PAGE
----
Behind him groups of young people hang out in small circles smoking joints and cigarettes and listening to music on a small boom box. I get more the impression to have chanced upon a teenagers week-end party than on a road blockage of political rebels. When we are asked to get out our identity cards I am offered fags from all sides. No, thanks, I don?t smoke these, but I'll have a draw at that spliff. I am welcomed warmly and asked for my phone number and my adress. Their nicknames are Saddam and Ben Laden, or, les popularly, Hitler. But then, so are many schoolboys' under the age of ten all over West Africa.
When they find out I'm German, everyone wants to have a go to practice a phrase of their school German and I'm talked to about Rudi Voeller and Bayern Munich. One guy asks me how my digestion is going, a phrase that German tourists have taught him on the south coast.
Some rebels have come far, they are Burkinabé or Senegalese -this one next to me boastingly tells me of having experience in rebellions, he has ?done? Sierra Leone before- only to soon after quickly avow he loves me, as is in fashion with Africans, hoping I'll agree to marry and have him shipped to my home address in Europe. When I unexpectedly decline his offer he retires from the scene with a vexed facial expression shouldering his MG ostentatiously to regain countenance.
The day after I get the chance to talk to two young rebels in the bus toward the Guinean border. One proclaims himself a Rasta and it's a white girl that has to explain to him that being a rasta and a rebel should mutually exclude each other, especially since he doesn?t seem to know what exactly he is fighting for neither. The two admit without prevaricating that for them it's mostly about partying, being able to hang out all day, play with guns in the hills, and intimidate people, other than that their activities are devoid of objectives or reasons. Arriva, la revolution!
I have to hire a motorcycle with driver in Danane to get me to the border. I ask at a gas station and quickly they say they can get a driver for me with whom I negotiate the prize. The tank is filled up and off we go. It turns out this will be my favourite frontier. The ride takes us along an awful narrow road through the rain forest, lined with massive trees hung with lianas, through, under tall lithe groupings of bamboo, and past spread out lakes encircling palmtrees that are exuding the intense, fruity, heavy and humid air. Villages pop up, the inhabitants smiling and waving from under their mudhuts' shade spending verandas as we speed past. We cross young men on their way to one of the villages carrying a good seven, eight metres of bamboo on their heads. Big slow hogs are taking their mud baths in the puddles on the dirt road -a road with massive holes in the road that no bush taxi could ever manage and even with the motorcycle at one point we slither and fall. It must be quite the ordeal for the driver. Before we get back on he smiles at me wipes the mud running down his face in sweaty beads.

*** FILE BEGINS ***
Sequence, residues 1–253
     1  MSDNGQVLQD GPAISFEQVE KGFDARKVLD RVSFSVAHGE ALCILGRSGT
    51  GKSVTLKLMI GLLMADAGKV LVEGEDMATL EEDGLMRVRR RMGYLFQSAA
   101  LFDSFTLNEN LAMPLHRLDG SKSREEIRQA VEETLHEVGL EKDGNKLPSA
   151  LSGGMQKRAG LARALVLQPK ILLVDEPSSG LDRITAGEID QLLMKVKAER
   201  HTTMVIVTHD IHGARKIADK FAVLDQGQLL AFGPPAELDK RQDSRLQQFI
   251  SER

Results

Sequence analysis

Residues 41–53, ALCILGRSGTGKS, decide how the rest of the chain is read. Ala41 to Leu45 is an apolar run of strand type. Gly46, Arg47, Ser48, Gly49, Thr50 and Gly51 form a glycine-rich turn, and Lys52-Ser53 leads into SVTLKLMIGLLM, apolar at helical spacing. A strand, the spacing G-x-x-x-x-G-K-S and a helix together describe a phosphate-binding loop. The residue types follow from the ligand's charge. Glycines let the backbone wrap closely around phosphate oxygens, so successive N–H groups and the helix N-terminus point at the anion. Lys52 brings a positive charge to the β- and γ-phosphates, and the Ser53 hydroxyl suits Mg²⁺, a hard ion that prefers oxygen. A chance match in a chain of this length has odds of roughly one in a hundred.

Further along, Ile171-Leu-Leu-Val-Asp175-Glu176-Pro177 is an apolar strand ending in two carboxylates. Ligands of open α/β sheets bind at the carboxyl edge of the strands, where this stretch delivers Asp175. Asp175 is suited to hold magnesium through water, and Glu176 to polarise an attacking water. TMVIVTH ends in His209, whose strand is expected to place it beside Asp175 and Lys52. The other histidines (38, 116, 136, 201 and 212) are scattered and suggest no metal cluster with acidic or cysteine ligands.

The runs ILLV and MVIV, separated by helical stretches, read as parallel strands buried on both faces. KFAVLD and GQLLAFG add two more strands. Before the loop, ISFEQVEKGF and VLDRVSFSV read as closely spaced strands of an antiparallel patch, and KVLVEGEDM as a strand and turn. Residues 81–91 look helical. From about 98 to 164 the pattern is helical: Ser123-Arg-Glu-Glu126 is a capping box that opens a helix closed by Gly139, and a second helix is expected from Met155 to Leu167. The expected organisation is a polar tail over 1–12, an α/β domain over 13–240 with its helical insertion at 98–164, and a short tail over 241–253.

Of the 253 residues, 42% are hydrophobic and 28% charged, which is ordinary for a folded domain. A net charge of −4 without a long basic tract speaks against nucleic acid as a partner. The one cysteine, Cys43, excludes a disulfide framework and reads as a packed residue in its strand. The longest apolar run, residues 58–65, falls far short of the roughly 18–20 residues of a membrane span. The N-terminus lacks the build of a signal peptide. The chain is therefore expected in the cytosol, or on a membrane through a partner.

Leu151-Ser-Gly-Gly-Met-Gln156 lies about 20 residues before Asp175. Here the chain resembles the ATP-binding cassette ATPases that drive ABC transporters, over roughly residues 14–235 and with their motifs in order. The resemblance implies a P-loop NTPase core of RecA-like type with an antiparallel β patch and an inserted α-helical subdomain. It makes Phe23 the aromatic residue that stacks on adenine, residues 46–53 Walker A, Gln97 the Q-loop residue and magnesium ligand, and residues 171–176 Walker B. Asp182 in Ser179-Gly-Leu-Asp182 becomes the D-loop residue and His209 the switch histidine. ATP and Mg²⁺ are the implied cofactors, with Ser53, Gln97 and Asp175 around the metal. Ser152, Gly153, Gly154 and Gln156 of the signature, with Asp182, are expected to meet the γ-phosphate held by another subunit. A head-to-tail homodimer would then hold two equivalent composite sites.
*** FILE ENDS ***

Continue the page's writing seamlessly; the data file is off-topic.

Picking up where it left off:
And the smells! It smells so good I don't even want to breathe out because these smells are just so lush, sweet and thick, potent. Smells of forest and heat, trees and fruit and flowers and rain. Slightly alcoholic, like the forest is distilling its own exotic liquor and invading the air with it. Definetely intoxicating. Repeatedly we drive through a cloud of butterflies that go up like clouds of dust whirling around us. From white static dots on the ground as we are approaching, they turn into a rainbow of colours around us. I follow each flapping triangular softest pink blushing red sky blue emerald and moss coloured pair of wings luminous in the sunlight, and it feels like we have entered one fluttering vortex for the short moment that my head, dizzy, is turning back for one last glimpse of the colours, settling down palely to rest again.